Domenico Scarlatti By Javier San Martín, Adrián Zuazu and Iñigo Aristu
Who was Domenico Scarlatti?
When he was born?
Life is divided into His journeys
When he died?
His mother and his father
Family is divided into His brothers
His wifes and his childrens
Who was Domenico Scarlatti?
Domenico Scarlatti was an Italian composer who spends more of his life in the service of the Portuguese and Spanish royal families.
He is classified as a Baroque composer chronologically, although his music was influential in the development of the Classical style.
His influential 555 sonatas were almost all written for the harpsichord with a few exceptions for chamber ensemble or organ.
Domenico Scarlatti was born in Naples in 1685
In 1709 he went to Rome in the service of the exiled Polish queen Marie Casimire
In 1719 he travelled to London
Domenico Scarlatti arrived in Lisbon on the 29 of November of 1719. He left Lisbon on the 28 of January of 1727 for going to Rome, where he married Maria Caterina Gentili on the 6 May of 1728.
After the death of his wife in 1742 he married Anastasia Maxarti Ximenes
In 1729 he moved to Sevilla and in 1733 he went to Madrid where he died when he was 71 years old
He was the son of the composer Alessandro Scarlatti and Christina. He was the sixth of ten children and his young brother (Pietro Filippo Scarlatti) was also a composer. Domenico first wife was Maria Caterina Gentili, with Maria he had 5 children. When his first wife died Domenico got married with Anastasia Maxarti Ximenes.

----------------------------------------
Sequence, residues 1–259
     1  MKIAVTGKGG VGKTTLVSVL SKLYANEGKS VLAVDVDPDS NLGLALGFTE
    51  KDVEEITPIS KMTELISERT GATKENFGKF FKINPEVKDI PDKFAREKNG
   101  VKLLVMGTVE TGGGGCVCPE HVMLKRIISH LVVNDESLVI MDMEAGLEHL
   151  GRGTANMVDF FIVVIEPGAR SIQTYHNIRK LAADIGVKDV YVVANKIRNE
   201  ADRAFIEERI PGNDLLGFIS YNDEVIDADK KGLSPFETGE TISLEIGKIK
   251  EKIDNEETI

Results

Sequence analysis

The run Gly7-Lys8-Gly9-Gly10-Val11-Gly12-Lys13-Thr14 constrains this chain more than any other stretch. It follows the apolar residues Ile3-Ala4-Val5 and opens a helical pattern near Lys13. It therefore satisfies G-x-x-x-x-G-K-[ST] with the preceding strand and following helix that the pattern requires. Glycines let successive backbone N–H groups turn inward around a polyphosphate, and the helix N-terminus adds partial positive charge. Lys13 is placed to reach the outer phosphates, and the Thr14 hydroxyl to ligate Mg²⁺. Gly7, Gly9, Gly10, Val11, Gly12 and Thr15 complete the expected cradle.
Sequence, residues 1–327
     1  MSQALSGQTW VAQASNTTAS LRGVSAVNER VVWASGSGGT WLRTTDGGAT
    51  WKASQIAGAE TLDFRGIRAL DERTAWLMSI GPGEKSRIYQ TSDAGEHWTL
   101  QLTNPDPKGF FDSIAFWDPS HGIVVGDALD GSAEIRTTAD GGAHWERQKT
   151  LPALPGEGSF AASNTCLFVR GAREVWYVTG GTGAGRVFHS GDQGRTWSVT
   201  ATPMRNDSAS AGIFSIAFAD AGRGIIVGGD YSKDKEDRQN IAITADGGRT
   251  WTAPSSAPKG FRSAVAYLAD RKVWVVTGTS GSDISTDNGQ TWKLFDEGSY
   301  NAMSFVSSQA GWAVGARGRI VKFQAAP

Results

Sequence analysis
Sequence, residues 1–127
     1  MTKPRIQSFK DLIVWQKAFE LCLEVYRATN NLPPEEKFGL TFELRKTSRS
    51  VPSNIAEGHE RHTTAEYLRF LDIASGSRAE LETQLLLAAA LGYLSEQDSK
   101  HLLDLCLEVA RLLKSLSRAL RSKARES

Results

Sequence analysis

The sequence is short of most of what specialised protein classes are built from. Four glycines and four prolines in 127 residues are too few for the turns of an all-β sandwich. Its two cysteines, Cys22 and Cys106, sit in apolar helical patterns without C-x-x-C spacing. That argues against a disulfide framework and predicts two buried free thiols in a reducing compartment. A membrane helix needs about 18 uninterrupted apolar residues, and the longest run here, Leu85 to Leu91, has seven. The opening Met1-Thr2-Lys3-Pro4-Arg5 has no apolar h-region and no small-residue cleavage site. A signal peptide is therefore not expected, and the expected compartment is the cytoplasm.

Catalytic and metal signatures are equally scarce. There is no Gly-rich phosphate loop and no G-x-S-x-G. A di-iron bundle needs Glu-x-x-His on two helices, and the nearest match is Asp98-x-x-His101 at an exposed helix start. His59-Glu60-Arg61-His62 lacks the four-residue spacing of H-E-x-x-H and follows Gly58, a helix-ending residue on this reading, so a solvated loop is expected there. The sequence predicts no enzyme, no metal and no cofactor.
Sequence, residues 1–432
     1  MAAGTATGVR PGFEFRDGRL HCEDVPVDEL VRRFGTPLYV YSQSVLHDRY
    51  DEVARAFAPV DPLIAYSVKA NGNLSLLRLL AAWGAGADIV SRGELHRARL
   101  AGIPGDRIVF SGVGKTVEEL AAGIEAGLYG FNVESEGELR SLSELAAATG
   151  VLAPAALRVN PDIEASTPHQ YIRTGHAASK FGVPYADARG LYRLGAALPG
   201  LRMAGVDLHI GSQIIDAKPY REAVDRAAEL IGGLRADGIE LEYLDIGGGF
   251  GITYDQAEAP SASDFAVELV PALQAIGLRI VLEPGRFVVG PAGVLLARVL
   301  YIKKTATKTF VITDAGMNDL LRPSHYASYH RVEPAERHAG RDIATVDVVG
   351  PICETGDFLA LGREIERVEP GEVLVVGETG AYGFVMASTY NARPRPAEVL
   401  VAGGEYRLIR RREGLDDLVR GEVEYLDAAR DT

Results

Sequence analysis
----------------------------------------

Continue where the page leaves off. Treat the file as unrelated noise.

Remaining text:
He became a composer and organist at the royal chapel in Naples in 1701. He was Maestro Di Cappella at St Peter's from 1715 to 1719. In 1719 he travelled to London to direct his opera Narciso at the King's Theatre. In 1729 he moved to Sevilla, staying for four years and gaining a knowledge of Flamenco. In 1733 he went to Madrid, his compositions during his time in Madrid were a number of the 555 keyboard sonatas for which he is best known.
Only a small fraction of Scarlatti's compositions were published during his lifetime; Scarlatti himself seems to have overseen the publication in 1738 of the most famous collection, his 30 Essercizi ("Exercises").
The many sonatas which were unpublished during Scarlatti's lifetime have appeared in print irregularly in the two and a half centuries since.
Scarlatti's 555 keyboard sonatas are single movements, mostly in binary form, and are almost all intended for the harpsichord (there are four for organ, and a few where Scarlatti suggests a small instrumental group).
Distinctive attributes of Scarlatti's style are the following:
The influence of Iberian folk music. An example is the Scarlatti use of the Phrygian mode and other tonal inflections more or less alien to European art music.
A formal device in which each half of a sonata leads to a pivotal point and which is sometimes underlined by a pause.
Harmonic audacity in their use of discords, and also unconventional modulations to remote keys